William Gore Ouseley
|Sir William Gore Ouseley|
|Born||26 July 1797|
|Died||6 March 1866|
|Occupation||Diplomat, author & artist|
|Children||A daughter and a son who died young|
|Parents||Sir William Ouseley and Julia née Irving|
Sir William Gore Ouseley (26 July 1797 - 6 March 1866) was a British diplomat who served in various roles in Washington, D.C., Rio de Janeiro and Buenos Aires. His main achievement were negotiations concerning ownership of Britain's interests in what is now Honduras and Nicaragua.
Ouseley was born in London to the orientalist Sir William Ouseley and his wife Julia. He was attaché in Washington D.C. from 1825 to 1832, when he had his first book published. Whilst he was in America he married Marcia Van Ness in 1827. Maria was the 20-year-old daughter of the Governor of Vermont, Cornelius P. Van Ness. The country of Argentina was effectively created in 1826, and he was amongst a group of Britons who assisted the new country gaining an advantage for Britain, negotiating contracts for expertise such as railways.
Ouseley later served in Rio de Janeiro in 1832 as a consul where he rose to the rank of minister. Not soon after that he was posted to Buenos Aires where he remained until 1850. His book concerning the slave trade which he published in 1850 is still (2007) in print.
Ouseley was very well connected, having a Governor as a father-in-law, a sister-in-law who was also a judge in New York and another sister who had received a marriage proposal from U.S. President James Buchanan. He had but one blot on his record, having been recalled from Rio de Janeiro, although his superior was generous enough to admit that the argument that caused the recall was in hindsight found to be in Ouseley's favour. In the UK, both his father and his uncle, Sir Gore Ouseley, were well-connected diplomats and gentleman scholars.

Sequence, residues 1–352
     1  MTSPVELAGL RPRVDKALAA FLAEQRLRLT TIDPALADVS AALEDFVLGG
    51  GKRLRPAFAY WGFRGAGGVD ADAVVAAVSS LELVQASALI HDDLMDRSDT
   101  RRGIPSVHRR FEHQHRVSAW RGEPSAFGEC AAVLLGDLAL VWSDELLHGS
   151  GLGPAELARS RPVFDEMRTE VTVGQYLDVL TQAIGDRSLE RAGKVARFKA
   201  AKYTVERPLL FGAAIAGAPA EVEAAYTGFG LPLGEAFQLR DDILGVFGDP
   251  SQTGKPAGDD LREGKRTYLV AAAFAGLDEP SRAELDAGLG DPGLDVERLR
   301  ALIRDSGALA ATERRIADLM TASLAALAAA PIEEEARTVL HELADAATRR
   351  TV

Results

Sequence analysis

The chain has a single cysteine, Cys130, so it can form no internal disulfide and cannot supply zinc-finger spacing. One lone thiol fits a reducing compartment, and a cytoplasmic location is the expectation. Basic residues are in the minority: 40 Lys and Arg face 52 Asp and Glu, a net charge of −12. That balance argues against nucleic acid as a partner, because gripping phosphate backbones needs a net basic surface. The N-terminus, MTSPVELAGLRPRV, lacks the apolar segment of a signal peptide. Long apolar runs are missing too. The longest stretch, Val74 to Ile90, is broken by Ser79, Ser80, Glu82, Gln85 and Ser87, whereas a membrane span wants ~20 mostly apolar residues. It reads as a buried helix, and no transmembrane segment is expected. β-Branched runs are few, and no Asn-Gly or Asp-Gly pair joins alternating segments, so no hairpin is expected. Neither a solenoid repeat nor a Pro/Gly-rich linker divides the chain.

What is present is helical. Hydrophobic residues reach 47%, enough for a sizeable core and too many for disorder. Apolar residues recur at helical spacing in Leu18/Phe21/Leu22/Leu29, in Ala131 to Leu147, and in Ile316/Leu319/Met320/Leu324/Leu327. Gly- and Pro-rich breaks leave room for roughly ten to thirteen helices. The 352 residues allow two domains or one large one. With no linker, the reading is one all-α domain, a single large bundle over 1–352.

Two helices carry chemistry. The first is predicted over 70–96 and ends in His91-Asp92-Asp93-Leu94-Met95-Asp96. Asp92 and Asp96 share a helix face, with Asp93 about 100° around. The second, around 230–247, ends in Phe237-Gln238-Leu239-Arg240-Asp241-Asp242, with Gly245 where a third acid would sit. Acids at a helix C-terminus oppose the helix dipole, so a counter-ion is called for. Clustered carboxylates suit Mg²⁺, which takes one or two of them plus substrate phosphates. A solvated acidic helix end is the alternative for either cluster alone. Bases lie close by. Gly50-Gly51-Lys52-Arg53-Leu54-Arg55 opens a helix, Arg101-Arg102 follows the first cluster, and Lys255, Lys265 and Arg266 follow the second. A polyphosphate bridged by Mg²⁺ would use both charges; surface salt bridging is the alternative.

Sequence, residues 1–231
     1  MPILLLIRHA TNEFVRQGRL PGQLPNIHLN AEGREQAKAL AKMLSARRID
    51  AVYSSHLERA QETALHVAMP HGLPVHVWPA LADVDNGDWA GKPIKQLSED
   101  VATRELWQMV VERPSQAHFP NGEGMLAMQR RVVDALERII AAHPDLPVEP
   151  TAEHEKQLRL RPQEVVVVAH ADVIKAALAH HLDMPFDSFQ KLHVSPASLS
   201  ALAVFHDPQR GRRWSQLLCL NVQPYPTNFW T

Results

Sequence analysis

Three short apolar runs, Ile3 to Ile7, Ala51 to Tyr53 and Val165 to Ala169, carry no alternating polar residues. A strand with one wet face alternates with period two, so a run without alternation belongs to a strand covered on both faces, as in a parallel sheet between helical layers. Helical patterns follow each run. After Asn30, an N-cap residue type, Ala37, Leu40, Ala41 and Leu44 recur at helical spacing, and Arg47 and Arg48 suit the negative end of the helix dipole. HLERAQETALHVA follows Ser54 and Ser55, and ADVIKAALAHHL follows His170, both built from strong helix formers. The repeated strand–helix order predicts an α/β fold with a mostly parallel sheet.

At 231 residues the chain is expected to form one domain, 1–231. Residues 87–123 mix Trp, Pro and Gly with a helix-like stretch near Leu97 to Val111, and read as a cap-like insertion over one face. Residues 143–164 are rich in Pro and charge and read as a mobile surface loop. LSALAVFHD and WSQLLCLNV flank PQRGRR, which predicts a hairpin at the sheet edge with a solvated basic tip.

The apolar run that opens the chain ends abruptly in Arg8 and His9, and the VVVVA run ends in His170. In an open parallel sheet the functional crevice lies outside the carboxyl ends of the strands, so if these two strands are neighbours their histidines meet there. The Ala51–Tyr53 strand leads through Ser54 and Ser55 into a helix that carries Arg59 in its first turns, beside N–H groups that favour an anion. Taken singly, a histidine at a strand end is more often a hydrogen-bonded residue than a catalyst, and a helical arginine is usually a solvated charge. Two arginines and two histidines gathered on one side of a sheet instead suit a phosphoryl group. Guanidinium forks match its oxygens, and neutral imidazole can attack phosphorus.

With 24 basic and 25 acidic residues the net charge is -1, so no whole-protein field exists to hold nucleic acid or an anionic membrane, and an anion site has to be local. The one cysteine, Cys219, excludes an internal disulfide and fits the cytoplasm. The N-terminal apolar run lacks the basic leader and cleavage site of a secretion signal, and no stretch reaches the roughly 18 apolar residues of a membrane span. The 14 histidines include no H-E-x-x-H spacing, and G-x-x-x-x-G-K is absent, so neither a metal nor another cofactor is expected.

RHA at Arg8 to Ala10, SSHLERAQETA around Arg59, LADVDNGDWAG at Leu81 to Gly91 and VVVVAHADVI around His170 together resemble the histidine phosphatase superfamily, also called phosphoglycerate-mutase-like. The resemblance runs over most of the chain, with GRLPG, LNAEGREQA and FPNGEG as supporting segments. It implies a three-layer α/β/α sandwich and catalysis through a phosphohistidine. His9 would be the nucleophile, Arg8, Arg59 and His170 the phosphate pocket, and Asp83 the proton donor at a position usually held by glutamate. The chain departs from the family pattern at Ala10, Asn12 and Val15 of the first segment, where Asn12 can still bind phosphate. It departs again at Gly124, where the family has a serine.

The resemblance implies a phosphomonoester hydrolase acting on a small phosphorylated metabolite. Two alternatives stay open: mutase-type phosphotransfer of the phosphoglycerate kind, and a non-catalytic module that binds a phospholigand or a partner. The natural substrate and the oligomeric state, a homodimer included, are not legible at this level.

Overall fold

In October 1858 he was sent on a special mission to San José in Costa Rica as a Special Envoy on the British warship Valorous. His mission was to resolve Britain's interests in Central America, particularly the Bay Islands off Honduras, the Mosquito Coast and Greytown (both now in Nicaragua). In 1859, he negotiated a treaty concerning the British interests with Nicaragua and with Costa Rica which involved the President of Nicaragua personally. In early November, Ouseley required a change for his health and he announced his return to Britain before the treaty was signed. Within two weeks he had to return as his only son, William Charles Ouseley, had died at the age of 27 due to an opium overdose.
He died 6 March 1866, and his wife died in 1881.
Art and literature
Ouseley's paintings are still a marketable commodity in 2007.
Ouseley was also an early commentator on the legends which grew up around the historical figure Dick Whittington. Although the influence of an Italian source was already recognized, Ouseley, on the basis of his travels, was able to trace the story back still further, to a Persian manuscript which he related thus:
|“||In the tenth century, one Keis, the son of a poor widow in Siraf, embarked for India with a cat, his only property. There he fortunately arrived at a time when the palace was so infested by mice or rats, that they invaded the king's food, and persons were employed to drive them from the royal banquet. Keis produced his cat; the noxious animals soon disappeared, and magnificent rewards were bestowed on the adventurer of- Siraf, who returned to that city, and afterwards, with his mother and brothers, settled on the island, which from him has been denominated Keis, or according to the Persians, Keish.||”|
- Remarks on the statistics and political institutions of the United States‚ with some observations on the ecclesiastical system of America‚ her sources of revenue, 1832
- Notes on the Slave Trade‚ with Remarks on the Measures Adopted for its Suppression, 1850
- A description of views in South America‚ from original drawings made in Brazil‚ the River Plate‚ the Parana, 1852
- Views in South America, from original drawings made in Brazil, the River Plate, the Paraná, etc. (London: Thomas McLean, 1852). Geyer Collection, Rio de Janeiro, Brazil
- William Ouseley in Iranica.com accessed 15 September 2007
- Historical Autographs accessed 17 September 2007
- Ouseley family tree accessed September 2007
- The Forgotten Colony, by Andrew Graham Yooll, published by Hutchison, 1981
- Private and confidential: Letter from British Ministers in Washington to the Foreign Secretaries in London 1844-67 by James J. Barnes, Patience P. Barnes, Published 1993 Susquehanna University Press
- The New York , 2 November 1859
- The New York Times, 15 November 1859
- William Gore Ouseley painting Accessed September 2007
- The "Novella delle Gatte", printed in Arlotto's Facetiae of 1483
|Wikimedia Commons has media related to William Gore Ouseley.|